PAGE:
Dubai’s DP World acquires Danish Unifeeder for $748 million

Global port operator DP World says it has acquired Danish logistics firm Unifeeder for $748 million. (AP)
Updated 06 December 2018

Dubai’s DP World acquires Danish Unifeeder for $748 million

  • DP World’s full acquisition of Unifeeder Group from Nordic Capital Fund VIII was announced in August, finalized Thursday
  • DP World’s profits last year climbed to $1.2 billion with revenue reaching $4.7 billion

DUBAI: Global port operator DP World says it has acquired Danish logistics firm Unifeeder for $748 million, about 660 million euros, helping the Dubai-owned company expand its foothold through the largest feeder and shortsea network in Europe.
DP World’s full acquisition of Unifeeder Group from Nordic Capital Fund VIII was announced in August, but finalized on Thursday.
DP World says Unifeeder’s smaller vessels and connectivity to approximately 100 ports will enhance the port operator’s presence in the global supply chain and broaden its services. While DP World’s core business remains in container terminals, the company says this latest acquisition is part of a wider strategy to diversify revenues.
DP World’s profits last year climbed to $1.2 billion with revenue reaching $4.7 billion.


China's aviation regulator raised concerns with Boeing on 737 MAX design changes

Updated 12 December 2019

China's aviation regulator raised concerns with Boeing on 737 MAX design changes

  • China is reviewing the airworthiness of the plane
  • China was first country to ground plane in March

BEIJING: China’s aviation regulator raised “important concerns” with Boeing Co. on the reliability and security of design changes to the grounded 737 MAX, it said on Thursday, but declined to comment on when the plane might fly again in China.
China is reviewing the airworthiness of the plane based on proposed changes to software and flight control systems according to a bilateral agreement with the United States, Civil Aviation Administration of China (CAAC) spokesman Liu Luxu told reporters at a monthly briefing.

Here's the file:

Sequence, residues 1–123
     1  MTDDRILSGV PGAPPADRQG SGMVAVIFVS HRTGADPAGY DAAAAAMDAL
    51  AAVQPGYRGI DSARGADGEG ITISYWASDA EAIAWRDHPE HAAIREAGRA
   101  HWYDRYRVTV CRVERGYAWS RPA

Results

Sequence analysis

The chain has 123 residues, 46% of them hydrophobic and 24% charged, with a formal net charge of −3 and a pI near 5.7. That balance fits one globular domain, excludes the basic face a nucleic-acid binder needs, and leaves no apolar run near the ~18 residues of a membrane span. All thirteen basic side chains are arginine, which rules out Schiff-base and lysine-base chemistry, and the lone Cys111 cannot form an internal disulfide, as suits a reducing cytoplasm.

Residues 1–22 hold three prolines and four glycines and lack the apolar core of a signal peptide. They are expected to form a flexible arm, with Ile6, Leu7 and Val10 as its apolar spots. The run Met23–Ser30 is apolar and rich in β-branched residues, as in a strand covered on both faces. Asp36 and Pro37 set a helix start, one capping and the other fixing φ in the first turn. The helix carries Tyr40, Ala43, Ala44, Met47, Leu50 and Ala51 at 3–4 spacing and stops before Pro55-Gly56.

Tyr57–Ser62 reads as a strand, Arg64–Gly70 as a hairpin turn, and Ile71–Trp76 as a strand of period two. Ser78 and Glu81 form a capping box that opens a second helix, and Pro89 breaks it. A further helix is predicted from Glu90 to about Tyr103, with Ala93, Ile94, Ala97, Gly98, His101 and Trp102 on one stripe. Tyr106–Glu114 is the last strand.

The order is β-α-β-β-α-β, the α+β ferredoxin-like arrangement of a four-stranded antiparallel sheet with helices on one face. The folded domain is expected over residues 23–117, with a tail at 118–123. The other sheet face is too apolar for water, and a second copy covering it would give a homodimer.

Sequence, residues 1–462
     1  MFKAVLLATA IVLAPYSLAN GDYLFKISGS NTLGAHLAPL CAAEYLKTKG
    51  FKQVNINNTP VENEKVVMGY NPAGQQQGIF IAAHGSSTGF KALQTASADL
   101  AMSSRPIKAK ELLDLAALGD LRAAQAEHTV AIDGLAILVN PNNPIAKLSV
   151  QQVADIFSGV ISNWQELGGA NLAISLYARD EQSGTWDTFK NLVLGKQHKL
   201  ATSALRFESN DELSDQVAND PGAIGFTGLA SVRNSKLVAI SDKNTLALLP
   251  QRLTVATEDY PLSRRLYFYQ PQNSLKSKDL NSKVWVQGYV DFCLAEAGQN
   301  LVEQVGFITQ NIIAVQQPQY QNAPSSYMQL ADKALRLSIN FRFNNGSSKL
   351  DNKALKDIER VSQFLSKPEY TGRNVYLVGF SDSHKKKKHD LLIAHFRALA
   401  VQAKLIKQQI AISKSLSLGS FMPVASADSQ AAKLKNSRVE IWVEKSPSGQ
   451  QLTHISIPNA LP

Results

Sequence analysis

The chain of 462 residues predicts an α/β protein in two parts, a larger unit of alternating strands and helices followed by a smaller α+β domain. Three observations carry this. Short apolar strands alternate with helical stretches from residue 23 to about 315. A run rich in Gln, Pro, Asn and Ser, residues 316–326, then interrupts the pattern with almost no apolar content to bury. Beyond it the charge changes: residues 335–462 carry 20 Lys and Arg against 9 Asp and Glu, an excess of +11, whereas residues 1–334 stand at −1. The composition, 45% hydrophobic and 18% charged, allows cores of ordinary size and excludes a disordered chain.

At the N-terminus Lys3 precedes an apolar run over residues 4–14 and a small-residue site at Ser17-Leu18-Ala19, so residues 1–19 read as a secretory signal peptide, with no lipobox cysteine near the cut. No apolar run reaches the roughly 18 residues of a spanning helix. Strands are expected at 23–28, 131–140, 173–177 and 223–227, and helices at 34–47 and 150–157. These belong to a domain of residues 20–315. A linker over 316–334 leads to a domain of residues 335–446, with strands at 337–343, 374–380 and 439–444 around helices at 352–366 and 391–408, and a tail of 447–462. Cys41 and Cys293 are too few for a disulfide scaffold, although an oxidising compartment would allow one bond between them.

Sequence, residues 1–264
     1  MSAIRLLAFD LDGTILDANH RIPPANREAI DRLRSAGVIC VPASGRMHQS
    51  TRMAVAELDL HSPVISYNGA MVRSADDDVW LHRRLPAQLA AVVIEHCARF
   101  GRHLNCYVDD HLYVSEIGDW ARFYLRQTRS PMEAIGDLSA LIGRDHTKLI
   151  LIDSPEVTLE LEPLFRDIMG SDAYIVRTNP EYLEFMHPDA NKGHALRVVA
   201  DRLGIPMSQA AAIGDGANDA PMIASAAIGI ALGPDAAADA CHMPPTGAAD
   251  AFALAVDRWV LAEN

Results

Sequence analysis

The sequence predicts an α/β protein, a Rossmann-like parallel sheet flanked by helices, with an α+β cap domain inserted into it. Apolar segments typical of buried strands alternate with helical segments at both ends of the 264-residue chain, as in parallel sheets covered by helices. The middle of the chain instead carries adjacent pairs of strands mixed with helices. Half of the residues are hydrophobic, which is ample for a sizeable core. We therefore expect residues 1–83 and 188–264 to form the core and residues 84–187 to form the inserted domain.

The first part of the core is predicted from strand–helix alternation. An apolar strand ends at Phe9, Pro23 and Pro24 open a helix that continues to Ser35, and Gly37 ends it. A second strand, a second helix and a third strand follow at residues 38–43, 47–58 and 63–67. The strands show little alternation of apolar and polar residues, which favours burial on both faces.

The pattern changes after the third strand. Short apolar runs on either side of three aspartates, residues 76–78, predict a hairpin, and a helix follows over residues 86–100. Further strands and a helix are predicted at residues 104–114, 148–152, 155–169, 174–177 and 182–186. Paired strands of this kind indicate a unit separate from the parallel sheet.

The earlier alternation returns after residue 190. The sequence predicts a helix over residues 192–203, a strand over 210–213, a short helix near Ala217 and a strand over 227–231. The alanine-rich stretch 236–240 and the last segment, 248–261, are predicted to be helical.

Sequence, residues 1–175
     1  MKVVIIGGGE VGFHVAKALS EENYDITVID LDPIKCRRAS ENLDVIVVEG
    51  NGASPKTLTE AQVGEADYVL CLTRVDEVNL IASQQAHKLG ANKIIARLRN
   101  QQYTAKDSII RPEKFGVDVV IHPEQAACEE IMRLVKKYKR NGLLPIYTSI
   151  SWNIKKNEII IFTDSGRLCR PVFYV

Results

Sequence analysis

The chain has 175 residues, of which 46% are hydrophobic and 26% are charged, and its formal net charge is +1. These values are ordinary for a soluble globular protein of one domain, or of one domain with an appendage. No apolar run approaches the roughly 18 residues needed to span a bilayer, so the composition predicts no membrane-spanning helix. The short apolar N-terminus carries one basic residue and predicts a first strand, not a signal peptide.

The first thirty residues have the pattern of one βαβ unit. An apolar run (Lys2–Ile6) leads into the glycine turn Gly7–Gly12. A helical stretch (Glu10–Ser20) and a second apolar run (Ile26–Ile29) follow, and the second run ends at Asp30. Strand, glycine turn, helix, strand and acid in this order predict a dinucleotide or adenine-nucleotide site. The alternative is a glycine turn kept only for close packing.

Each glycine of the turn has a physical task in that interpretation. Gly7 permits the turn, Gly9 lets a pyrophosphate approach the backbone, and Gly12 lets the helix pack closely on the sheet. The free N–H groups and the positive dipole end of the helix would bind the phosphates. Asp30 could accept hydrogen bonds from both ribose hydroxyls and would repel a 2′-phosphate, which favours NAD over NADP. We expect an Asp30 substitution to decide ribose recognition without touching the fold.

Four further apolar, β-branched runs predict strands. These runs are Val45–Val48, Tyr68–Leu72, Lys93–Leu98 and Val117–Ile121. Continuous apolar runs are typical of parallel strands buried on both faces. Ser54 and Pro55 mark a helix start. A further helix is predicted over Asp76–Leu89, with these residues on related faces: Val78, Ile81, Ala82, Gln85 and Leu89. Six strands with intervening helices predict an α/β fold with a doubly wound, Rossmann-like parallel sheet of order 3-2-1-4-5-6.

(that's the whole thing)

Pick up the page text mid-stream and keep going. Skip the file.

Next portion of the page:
He reiterated that for the plane to resume flights in China, it needed to be re-certified, pilots needed comprehensive and effective training to restore confidence in the model and the causes of two crashes that killed 346 people needed to be investigated with effective measures put in place to prevent another one.
China was the first country to ground the 737 MAX after the second crash in Ethiopia in March and had set up a task force to review design changes to the aircraft that Boeing had submitted.
The US Federal Aviation Administration (FAA) will not allow the 737 MAX to resume flying before the end of 2019, its chief, Steve Dickson, said on Wednesday.
Once the FAA approves the reintroduction into service, the 737 MAX can operate in the United States, but individual regulators could keep the planes grounded in other countries until they complete their own reviews.
“Due to the trade war, the jury is still out on when China would reintroduce the aircraft,” said Rob Morris, Global Head of Consultancy at Ascend by Cirium.
Chinese airlines had 97 737 MAX jets in operation before the global grounding, the most of any country, according to Cirium Fleets Analyzer.